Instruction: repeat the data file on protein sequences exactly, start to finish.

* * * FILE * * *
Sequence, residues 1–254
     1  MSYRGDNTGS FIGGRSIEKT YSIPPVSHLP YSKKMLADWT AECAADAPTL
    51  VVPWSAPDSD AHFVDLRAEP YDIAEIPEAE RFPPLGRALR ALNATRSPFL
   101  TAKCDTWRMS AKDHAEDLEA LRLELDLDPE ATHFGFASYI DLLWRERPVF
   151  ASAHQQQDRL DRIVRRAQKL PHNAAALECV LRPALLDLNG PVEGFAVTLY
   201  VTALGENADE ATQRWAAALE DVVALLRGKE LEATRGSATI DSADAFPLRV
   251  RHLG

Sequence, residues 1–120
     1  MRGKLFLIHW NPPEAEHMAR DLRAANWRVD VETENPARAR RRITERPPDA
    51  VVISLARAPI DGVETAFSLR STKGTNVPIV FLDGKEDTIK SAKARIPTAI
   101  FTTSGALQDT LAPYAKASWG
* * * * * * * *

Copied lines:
Sequence, residues 1–254
     1  MSYRGDNTGS FIGGRSIEKT YSIPPVSHLP YSKKMLADWT AECAADAPTL
    51  VVPWSAPDSD AHFVDLRAEP YDIAEIPEAE RFPPLGRALR ALNATRSPFL
   101  TAKCDTWRMS AKDHAEDLEA LRLELDLDPE ATHFGFASYI DLLWRERPVF
   151  ASAHQQQDRL DRIVRRAQKL PHNAAALECV LRPALLDLNG PVEGFAVTLY
   201  VTALGENADE ATQRWAAALE DVVALLRGKE LEATRGSATI DSADAFPLRV
   251  RHLG

Sequence, residues 1–120
     1  MRGKLFLIHW NPPEAEHMAR DLRAANWRVD VETENPARAR RRITERPPDA
    51  VVISLARAPI DGVETAFSLR STKGTNVPIV FLDGKEDTIK SAKARIPTAI
   101  FTTSGALQDT LAPYAKASWG